US announces mission to counter ship attacks in Red Sea

Govt considers sending Navy vessel to Red Sea

The US has announced a 10-nation coalition to guide ships through the Red Sea following escalating missile and drone attacks by Yemen’s Iran-aligned Houthis.

Tuesday’s announcement came as British oil giant BP became the latest to suspend transit through the crucial shipping channel after Huthi rebels said they had attacked two “Israeli-linked” vessels.

US Defence Secretary Lloyd Austin announced the multinational operation to safeguard commerce in the region while on a trip to Bahrain, home to the US Navy’s headquarters in the Middle East.

Britain, Bahrain, Canada, France, Italy, Netherlands, Norway, Seychelles and Spain will join the US in joint patrols in the southern Red Sea and the Gulf of Aden.

“This is an international challenge that demands collective action. Therefore today I am announcing the establishment of Operation Prosperity Guardian, an important new multinational security initiative,” Austin said.

However, his statement left many questions unanswered, including whether the other nations are willing to do what US warships have done in recent days – shoot down Houthi missiles and drones, and rush to the aid of commercial ships under attack.

The US last week asked Australia to send a warship to join the operation. But, according to The Australian, the request was modified after the Albanese government made it clear its primary focus was the Indo-Pacific.

Defence force chief General Angus Campbell will join a virtual meeting hosted by US officials late on Tuesday.

Mounting attacks by Houthi rebels on ships Sea have disrupted maritime trade as leading global freight firms reroute around the Cape of Good Hope to avoid the Suez Canal.

The group said it launched a drone attack on two cargo vessels in the area on Monday, the latest in a series of missile and drone strikes on shipping that it sayd are a response to Israel’s assault on the Gaza Strip.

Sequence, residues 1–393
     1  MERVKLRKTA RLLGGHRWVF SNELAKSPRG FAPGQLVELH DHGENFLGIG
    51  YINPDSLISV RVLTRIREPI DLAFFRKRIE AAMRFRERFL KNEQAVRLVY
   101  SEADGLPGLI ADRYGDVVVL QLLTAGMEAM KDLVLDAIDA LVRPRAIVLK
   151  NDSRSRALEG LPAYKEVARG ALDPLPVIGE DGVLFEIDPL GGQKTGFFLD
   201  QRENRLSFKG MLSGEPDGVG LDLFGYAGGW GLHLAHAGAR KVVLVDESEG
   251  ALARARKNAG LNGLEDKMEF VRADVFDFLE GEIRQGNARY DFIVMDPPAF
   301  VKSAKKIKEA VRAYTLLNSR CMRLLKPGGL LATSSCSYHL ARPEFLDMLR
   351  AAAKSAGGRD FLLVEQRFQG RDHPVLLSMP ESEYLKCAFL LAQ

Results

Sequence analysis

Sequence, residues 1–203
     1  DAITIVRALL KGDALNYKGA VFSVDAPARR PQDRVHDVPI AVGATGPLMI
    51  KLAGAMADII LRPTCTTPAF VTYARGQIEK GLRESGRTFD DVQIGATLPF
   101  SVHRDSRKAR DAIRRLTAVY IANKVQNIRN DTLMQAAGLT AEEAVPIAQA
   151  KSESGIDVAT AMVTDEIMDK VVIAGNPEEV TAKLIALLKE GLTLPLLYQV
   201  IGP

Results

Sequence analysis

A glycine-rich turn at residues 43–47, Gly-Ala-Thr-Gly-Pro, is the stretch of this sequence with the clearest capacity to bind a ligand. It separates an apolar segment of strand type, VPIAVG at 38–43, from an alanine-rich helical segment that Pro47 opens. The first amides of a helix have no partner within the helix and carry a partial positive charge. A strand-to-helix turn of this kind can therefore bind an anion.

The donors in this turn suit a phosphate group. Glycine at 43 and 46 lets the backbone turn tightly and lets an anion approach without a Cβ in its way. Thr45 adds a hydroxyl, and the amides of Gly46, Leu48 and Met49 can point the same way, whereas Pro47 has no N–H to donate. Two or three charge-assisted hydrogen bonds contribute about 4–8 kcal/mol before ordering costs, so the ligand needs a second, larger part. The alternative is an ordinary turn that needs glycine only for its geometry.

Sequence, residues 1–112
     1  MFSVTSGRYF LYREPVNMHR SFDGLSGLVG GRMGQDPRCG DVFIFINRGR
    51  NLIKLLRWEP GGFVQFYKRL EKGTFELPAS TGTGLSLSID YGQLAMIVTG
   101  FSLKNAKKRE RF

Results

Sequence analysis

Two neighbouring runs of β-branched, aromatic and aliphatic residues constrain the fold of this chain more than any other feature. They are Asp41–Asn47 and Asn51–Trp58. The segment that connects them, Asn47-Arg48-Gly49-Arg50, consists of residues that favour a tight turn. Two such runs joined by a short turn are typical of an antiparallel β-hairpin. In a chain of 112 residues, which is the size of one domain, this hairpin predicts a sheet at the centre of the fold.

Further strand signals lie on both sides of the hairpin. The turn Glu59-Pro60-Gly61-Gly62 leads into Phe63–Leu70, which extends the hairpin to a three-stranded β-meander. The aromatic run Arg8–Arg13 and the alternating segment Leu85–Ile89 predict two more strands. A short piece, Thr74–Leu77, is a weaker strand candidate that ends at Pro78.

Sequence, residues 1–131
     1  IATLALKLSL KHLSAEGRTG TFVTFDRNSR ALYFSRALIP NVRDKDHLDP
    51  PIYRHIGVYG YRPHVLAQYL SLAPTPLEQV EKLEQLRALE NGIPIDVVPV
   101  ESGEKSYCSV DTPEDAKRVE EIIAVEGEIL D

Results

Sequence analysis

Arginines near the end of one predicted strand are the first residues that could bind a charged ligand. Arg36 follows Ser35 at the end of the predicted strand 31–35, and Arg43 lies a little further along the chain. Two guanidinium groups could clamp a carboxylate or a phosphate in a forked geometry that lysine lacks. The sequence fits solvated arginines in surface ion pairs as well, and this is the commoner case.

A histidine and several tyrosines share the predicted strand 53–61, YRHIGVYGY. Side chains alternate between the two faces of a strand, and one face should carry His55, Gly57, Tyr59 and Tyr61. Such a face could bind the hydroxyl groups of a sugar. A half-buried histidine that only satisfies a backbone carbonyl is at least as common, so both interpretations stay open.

Brigadier General Yahya Saree, the Houthi military spokesman, said they launched what he described as “naval aircraft” at the Cayman Islands-flagged Swan Atlantic, a chemical and oil products carrier, and Panama-flagged MSC CLARA cargo ship.

Major freight companies have begun to sail around Africa instead, adding costs and delays that are expected to be compounded in coming weeks, according to industry analysts.

About 15 per cent of world shipping traffic transits via the Suez Canal, the shortest shipping route between Europe and Asia.

The war between Israel and Hamas, which began on October 7, has sent shock waves through the region and threatened to cause a broader conflict.

Oil tanker group Frontline said on Monday its vessels would avoid passages through the waterway. Its decision, along with BP’s, are considered signs the crisis is broadening to include energy shipments.

Crude oil prices rose on those concerns on Monday.

Later on Monday, Norwegian energy group Equinor said it had rerouted “a few ships” carrying crude oil and liquefied petroleum gas away from the Red Sea.

Tanker firm Euronav said it was avoiding the Red Sea until further notice.

The Houthi attacks were also forcing companies to rethink their connections with Israel, with Taiwan’s Evergreen Marine saying on Monday it had decided to temporarily stop accepting Israeli cargo.

Visiting Israel on Monday, US Defense Secretary Lloyd Austin said no group or state should test the United States’ resolve.

“In the Red Sea we’re leading a multinational maritime task force to uphold the bedrock principle of freedom of navigation,” he said.

-with AAP

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